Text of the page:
Een schatrijke tuin
Een schatrijke tuin, die niemand betreedt,
bewaakt met honden, roofgierig wreed,
geen weet meer waarom, ook de meesters niet,
maar zelfs wie nadert wordt steeds bespied.
Wie omzichtig in het woud een voetstap zet,
hoort wachthonden hijgen. Zo is de wet
voor slaafse dienaars, krankzinnige heren:
wie deze tuin indringt, zal nimmer keren.
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This poem in 60 seconds
Early on in life, poet Hendrik de Vries was already fascinated by classical Dutch poets such as Vondel and Bilderdijk and would later show this in his work. It is characterized by traditional forms, meter and rhyme. In Een schatrijke tuin (A wealthy garden), he paints a grim atmosphere of a closely guarded garden: whoever enters will never return.
Want to know more? On this website you can listen to the poem, discover its origins and its author and find out what the poem means to the people of Leiden.
Hendrik de Vries
Groningen 1896 - Haren 1989
In 1896, Hendrik de Vries was born in Groningen as the son of famous linguist Wobke de Vries. His mother was slightly erratic, so she could often be found in medical institutions. His father was a high school teacher, but could not keep order, as Hendrik de Vries would later observe. As a child, he already discovered poetry by Vondel (1587 - 1679) and Bilderdijk (1756 - 1831), with which he became fascinated. According to Hendrik de Vries, poetry would also be the reason why he did not get very far in school: after redoing the first grade of high school, he dropped out after two months of second grade.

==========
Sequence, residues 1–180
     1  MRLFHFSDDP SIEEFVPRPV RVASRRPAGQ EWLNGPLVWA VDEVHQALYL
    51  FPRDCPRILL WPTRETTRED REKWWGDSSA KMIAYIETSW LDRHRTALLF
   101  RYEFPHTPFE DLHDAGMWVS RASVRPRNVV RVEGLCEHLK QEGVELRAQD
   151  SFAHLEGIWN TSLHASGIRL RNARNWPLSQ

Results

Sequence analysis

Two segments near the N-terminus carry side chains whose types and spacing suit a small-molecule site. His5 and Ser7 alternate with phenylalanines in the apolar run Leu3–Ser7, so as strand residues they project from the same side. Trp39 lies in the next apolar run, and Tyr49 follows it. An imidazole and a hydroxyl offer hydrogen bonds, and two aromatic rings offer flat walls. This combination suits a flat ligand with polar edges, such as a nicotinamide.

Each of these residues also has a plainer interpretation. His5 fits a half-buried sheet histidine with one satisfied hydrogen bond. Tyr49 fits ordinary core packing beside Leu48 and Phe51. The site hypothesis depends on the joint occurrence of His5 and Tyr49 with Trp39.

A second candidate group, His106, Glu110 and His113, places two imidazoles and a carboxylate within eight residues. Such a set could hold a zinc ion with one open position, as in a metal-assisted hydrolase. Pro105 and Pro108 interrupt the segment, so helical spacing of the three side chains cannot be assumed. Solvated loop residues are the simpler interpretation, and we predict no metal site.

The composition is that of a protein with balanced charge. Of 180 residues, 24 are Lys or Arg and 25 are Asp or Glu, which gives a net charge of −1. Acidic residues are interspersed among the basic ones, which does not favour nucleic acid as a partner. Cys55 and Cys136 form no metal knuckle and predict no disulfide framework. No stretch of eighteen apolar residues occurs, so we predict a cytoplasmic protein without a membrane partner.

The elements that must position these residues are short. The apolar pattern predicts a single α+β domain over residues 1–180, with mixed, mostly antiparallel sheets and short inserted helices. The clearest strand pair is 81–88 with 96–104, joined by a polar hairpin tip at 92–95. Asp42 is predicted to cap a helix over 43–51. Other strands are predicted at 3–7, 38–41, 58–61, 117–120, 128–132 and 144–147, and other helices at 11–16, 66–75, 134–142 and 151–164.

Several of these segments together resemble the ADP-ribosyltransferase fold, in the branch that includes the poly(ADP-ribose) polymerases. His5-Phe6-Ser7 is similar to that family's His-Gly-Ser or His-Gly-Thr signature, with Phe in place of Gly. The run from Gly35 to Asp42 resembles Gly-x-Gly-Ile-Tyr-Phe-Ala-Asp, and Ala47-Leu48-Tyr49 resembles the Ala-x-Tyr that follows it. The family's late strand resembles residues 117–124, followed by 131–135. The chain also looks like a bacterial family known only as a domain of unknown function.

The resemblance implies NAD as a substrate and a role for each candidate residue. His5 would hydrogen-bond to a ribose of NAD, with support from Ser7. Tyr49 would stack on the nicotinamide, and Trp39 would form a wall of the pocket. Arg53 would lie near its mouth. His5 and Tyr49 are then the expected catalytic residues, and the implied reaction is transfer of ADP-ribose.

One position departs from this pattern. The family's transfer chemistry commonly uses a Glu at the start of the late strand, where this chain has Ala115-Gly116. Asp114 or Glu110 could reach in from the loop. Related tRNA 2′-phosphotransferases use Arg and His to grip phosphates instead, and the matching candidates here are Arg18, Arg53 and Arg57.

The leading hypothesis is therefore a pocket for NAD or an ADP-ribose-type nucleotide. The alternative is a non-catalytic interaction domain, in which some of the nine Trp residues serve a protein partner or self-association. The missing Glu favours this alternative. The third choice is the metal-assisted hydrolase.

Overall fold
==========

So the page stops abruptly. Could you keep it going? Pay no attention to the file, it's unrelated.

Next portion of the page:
In 1918, De Vries started working at the city archives of Groningen and stayed there until 1947. During that time, he traveled to Spain nearly every year. There, he found a lot of inspiration for his poems. Beside the influences of Spanish poems on his work, he also made translations and wrote part of his poetry in Spanish. Other than a poet, he was also an illustrator and a painter. In 1929, he joined De Ploeg (‘The Team’), an influential group of expressionist artists from Groningen. Even then, De Vries held on to his own style, which at first glance seems slightly classical and in which the subconscious is a recurring theme.
In 1946, De Vries got married and moved to Haren. Not much was heard of him then, partly because his long-time friends died. Former admirers too remained silent. 'I am not a popular writer, but I am appreciated,' he said about this. In 1973, De Vries received the P.C. Hooftprijs, an important Dutch literature award, and he passed away in 1989.